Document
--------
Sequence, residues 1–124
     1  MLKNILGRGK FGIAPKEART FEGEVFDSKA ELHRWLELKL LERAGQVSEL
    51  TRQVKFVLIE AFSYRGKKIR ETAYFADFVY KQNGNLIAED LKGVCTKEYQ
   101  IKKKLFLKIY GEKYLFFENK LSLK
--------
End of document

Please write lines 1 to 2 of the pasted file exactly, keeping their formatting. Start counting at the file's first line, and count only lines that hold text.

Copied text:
Sequence, residues 1–124
     1  MLKNILGRGK FGIAPKEART FEGEVFDSKA ELHRWLELKL LERAGQVSEL